Thursday, 8 December 2011


Larry's legendary plays "beyond" the arc.


Bird Watching-Larry's Legendary Plays "Beyond" the Arc

Larry Bird really did fly during his time with the Boston Celtics in the NBA. From behind the arc to down the floor, when Larry let the ball loose the Celtics would soar. Larry's legend never met a ball he wouldn't dive for or hoist in the air. That's why he is one of the greatest basketball players of all-time.

Still the French Lick was more than just a guy that was tasty with the 3-ball. Bird's highlights rise higher than just one play. That's why his No. 33 is in the rafters of the Boston Garden.

So let's look beyond the arc (but in a different way) and study some videotape to see for ourselves just how good he really was at all aspects of the game. Here are some favourite plays that are just hallmark beautiful basketball. The only rule here is no 3-pointer in the NBA before 1979. Let's take it a little inside. Roll film.


Back in his prime Larry made too many legendary plays he was just too much, like when:

Playing the passing lanes against the Washington Bullets like a wizard Larry stole and loaded up a two handed dunk that shot down the D.C. squad.

Back in Washington a behind the back bullet pass found 'Tiny' Nate Archibald for the layup ... this New York playground legend was normally the giver not the receiver.

How about some more playground antics with Nate? Against the Pistons Larry once stole the ball and kept it inbounds by flicking it behind his back and head to Tiny Archibald who led the break and then returned the ball's favour to Larry for the two-handed flush.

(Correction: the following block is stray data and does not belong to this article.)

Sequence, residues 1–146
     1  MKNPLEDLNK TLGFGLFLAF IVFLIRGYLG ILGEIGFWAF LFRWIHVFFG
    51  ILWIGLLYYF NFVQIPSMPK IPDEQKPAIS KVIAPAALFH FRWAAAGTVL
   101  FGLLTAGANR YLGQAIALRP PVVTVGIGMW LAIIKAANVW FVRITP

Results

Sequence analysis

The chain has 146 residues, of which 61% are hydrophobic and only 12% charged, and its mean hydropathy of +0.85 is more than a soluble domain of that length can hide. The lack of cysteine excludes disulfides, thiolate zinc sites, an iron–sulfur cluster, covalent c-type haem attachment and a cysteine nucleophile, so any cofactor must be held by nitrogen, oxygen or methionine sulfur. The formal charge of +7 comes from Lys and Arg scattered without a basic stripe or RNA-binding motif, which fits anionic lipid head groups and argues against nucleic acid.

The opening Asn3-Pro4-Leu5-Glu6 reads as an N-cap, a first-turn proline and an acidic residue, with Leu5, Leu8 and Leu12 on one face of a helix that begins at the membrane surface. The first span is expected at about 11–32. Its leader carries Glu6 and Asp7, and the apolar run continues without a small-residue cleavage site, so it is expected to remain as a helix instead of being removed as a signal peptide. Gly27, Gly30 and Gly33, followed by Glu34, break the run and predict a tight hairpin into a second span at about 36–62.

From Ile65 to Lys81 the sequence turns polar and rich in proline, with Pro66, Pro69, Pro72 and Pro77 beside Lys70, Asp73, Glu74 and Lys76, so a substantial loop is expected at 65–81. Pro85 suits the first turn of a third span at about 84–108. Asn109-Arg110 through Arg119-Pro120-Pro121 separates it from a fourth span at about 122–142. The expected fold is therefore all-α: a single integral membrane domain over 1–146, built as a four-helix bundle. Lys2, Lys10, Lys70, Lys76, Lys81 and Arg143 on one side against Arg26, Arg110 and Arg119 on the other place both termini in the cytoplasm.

Or how about when Bird posterized Caldwell Jones? He really flew and made peoples walls with that one.

Larry's always one to look after the ball and this normally results in him not looking after himself in the process. Whether it's falling into the stands or the blood, sweat and tears Bird will give anything to get the ball. Like his save and struggle for the ball against the Cavs, were it looked like he was struggling for a gun while taking a shot from some advertisement boards.

Still nothing compares to what comes next. Here's the "top 5." Run V.T.


The Larry, Robert tandem worked so well together that "Bird to Parish" almost became a catchphrase for Celtic commentators. You may as well have pulled a cord out of the announcers backs every time Robert Parish pulled out some offence from a Larry Bird, behind-the-back, no-look or over the shoulder pass.

This between the legs beauty took Jack Sikma and his Milwaukee Bucks by surprise in the 1987 Eastern Conference Semi-finals. It should have come as no surprise as Larry was the master of this passing craft not named Earvin. He'd either wait until his defender would bite or pass out of incredible angels anyway, flicking the ball behind his head with his own "Magic." Here Larry's nutmeg leads to a perfect strike at the bucket by "big dunk" Rob.